|
|
|
MailTribune.com
  • American glasses are filling with Irish whiskey

  • When Andrew Abrahamson and Pedro Shanahan helped create the menu for the newly opened Bar Jackalope, a dusky 18-seat lounge ornamented with ersatz taxidermy of the mythical creature and devoted to whiskey from around the globe, they included, of course, bourbon, Scotch and whiskeys both Japanese and Canadian.
    • email print
  • When Andrew Abrahamson and Pedro Shanahan helped create the menu for the newly opened Bar Jackalope, a dusky 18-seat lounge ornamented with ersatz taxidermy of the mythical creature and devoted to whiskey from around the globe, they included, of course, bourbon, Scotch and whiskeys both Japanese and Canadian.
    Also on the concise list of some of the world's best whiskeys are 10 Irish labels, whittled down from about 40. "There are so many great Irish whiskeys," Shanahan said, "that choosing a handful was excruciating."
    Just a couple of years ago, maybe the only Irish whiskey many had tried, or even heard of, was Jameson. And it was just two years ago that there were only three production distilleries in all of Ireland. Now there are 12 distilleries operating, under construction or in planning stages.
    And new Irish whiskeys or ones previously unavailable in America have arrived stateside in droves: the Irishman 12 Year Single Malt, Tullamore D.E.W. Phoenix Cask Strength, Midleton Very Rare, Redbreast 21 Year Single Pot Still and Green Spot, to name just a few recent entries.
    Irish whiskey traditionally is made with both unmalted and malted barley in pot stills, triple-distilled and rarely peated. (In comparison, Scotch is made with only malted barley, is usually double-distilled and is commonly peated.) What results is typically a smoother, lighter whiskey than Scotch or bourbon. "There are Irish whiskeys you can drink in the morning," Shanahan said.
    Here's what to sip, with tasting notes contributed by Abrahamson, who is the bar's general manager, and Shanahan, whose title is spirit guide.
    Tyrconnell 10 Year Madeira Cask Single Malt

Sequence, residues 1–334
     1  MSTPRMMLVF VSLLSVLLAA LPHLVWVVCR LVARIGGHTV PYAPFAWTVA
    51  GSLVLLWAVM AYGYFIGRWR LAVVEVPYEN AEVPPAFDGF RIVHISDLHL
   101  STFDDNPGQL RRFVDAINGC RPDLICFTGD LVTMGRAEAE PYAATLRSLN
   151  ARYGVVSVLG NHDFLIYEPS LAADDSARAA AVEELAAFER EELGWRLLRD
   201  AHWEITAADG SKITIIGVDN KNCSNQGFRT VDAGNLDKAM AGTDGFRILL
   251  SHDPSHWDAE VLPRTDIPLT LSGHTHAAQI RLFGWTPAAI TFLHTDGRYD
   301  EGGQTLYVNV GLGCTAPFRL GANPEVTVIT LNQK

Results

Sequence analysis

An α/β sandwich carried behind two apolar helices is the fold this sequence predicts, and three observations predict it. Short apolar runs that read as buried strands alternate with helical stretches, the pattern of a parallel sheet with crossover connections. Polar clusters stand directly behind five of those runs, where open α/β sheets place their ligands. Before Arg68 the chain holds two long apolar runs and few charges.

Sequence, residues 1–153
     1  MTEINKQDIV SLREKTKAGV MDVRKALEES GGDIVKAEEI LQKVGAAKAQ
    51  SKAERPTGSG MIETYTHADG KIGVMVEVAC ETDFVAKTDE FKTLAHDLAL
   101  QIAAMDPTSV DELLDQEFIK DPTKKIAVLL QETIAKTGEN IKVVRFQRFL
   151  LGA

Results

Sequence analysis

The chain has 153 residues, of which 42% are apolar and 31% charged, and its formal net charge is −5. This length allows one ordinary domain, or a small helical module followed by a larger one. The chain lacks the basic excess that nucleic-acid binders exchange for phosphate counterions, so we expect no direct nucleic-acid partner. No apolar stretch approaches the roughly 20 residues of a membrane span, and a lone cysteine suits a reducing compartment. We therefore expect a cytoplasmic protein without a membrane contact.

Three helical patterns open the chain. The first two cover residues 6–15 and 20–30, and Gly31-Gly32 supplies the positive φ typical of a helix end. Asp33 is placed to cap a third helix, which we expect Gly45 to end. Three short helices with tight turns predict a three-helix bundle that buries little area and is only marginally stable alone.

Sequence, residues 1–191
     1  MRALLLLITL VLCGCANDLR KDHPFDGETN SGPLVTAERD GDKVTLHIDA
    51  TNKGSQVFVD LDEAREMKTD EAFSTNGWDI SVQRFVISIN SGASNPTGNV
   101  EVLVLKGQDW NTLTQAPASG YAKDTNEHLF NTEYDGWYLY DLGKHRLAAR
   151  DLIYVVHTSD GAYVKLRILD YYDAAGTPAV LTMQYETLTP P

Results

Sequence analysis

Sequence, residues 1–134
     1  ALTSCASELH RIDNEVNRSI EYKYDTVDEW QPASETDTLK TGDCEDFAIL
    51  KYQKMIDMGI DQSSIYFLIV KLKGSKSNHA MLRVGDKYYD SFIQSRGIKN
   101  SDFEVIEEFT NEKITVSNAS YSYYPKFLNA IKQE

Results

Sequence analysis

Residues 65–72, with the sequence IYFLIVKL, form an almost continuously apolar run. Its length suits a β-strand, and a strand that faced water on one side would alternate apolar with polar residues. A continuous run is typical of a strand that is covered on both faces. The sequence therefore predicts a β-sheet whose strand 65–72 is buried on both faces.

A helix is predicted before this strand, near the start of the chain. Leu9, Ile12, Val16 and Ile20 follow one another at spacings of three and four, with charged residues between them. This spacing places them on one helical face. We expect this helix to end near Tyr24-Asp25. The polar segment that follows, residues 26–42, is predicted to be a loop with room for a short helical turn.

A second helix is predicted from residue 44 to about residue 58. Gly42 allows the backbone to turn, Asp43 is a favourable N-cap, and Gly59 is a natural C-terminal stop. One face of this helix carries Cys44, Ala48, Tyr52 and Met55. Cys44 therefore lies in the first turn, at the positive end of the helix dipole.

This one's a single malt, so it's made from only malted barley, and it is matured for nine to 10 years in old bourbon casks. It's then finished for three months in Madeira casks, which gives it notes of dried fruit and nuts, such as raisin and cashew. Lots of vanilla. Not at all like a 10-year Scotch or bourbon, it's vivid and light for a Madeira-cask whiskey.
    About $80.
    Redbreast Single Pot Still 12 Year Cask Strength
    "Single pot still" means that it was made with malted and unmalted barley and distilled entirely in pot stills in the definitive Irish style (it doesn't contain any column-still grain whiskey). Aged in predominantly old sherry casks and clocking in at 115 proof, it's hot. It's also smooth, rich and layered, with a mineral quality. It's slightly smoky, with hints of fig, apple and vanilla, and with dark-chocolate-like sweetness.
    About $77.
    Bushmills Single Malt 16 Year
    Rich, sweet and overall delicious. "There's not a bad thing about this," noted Abrahamson. Half of the whiskey is aged in bourbon and the other half in sherry barrels, then together they're finished in port casks. It has an aroma of almond and tastes of rich, oily dried fruit. It's chocolatey and creamy with a huge, jammy finish.
    About $72.
    Tullamore D.E.W. 10 Year Single Malt
    Double-distilled and matured in four types of casks: old bourbon, Oloroso sherry, port and Madeira. It's golden-colored and rich, tasting of fruit and wood, lush with apricot, fig, even honeydew and pineapple. The wood influence is more pronounced than in other Irish whiskeys, and it has a dry tobacco finish.
    About $43.
    Green Spot Single Pot Still
    A unique Irish whiskey that just arrived in the U.S., made by Irish Distillers Ltd. It's aged in old American oak bourbon barrels and sherry barrels for eight to nine years. With aromas of citrus, particularly orange peel, it tastes slightly yeasty and nutty with tropical fruit - banana bread! The cereal grain comes through; "I think it was designed to show off the grain," Shanahan said.
    About $48.
    Powers John's Lane Release 12 Year Single Pot Still
    Aged in bourbon casks with a small amount aged in Oloroso sherry barrels, this is a big whiskey with plenty of spice, wood and leather. On first whiff, "I get Dr Pepper," Abrahamson said. "It's got a bourbon thing going on." Or maybe a Glengoyne Scotch. Notes of vanilla, apricot and apples; big and chewy with a warm wood and honey finish.
    About $72.
    Powers Gold Label Special Reserve 12 Year
    Powers Gold Label is blended with various whiskeys ranging in age from 12 to 25 years. Sharp aromas of white pepper and slightly floral. Full-bodied and smooth. "It has a kind of brandy quality," said Abrahamson. There are notes of pear, peach and dried grass. "This is a lunchtime whiskey," Shanahan said, "a workingman's lunchtime whiskey."
    About $30.
    Jameson Select Reserve Single Distillery Black Barrel
    Matured in sherry and bourbon casks as well as charred virgin American oak, this is Irish whiskey for bourbon drinkers, aimed at the U.S. market. It's sweet and spicy, with pear, orange blossom, citrus and cinnamon. "Dare I say it, it could be for a Fireball drinker," Abrahamson said, referring to the cinnamon-flavored liqueur.
    About $40.
    Connemara Peated Single Malt
    A single peated malt whiskey, double-distilled and aged in bourbon casks. On the nose, there's the peat and then malt. A big whiskey, but it's smooth and sippable, smoky and sweet; we also tasted fruit such as strawberry and a saline minerality. A long finish, with peat, honey and wood.
    About $45.
Reader Reaction

      calendar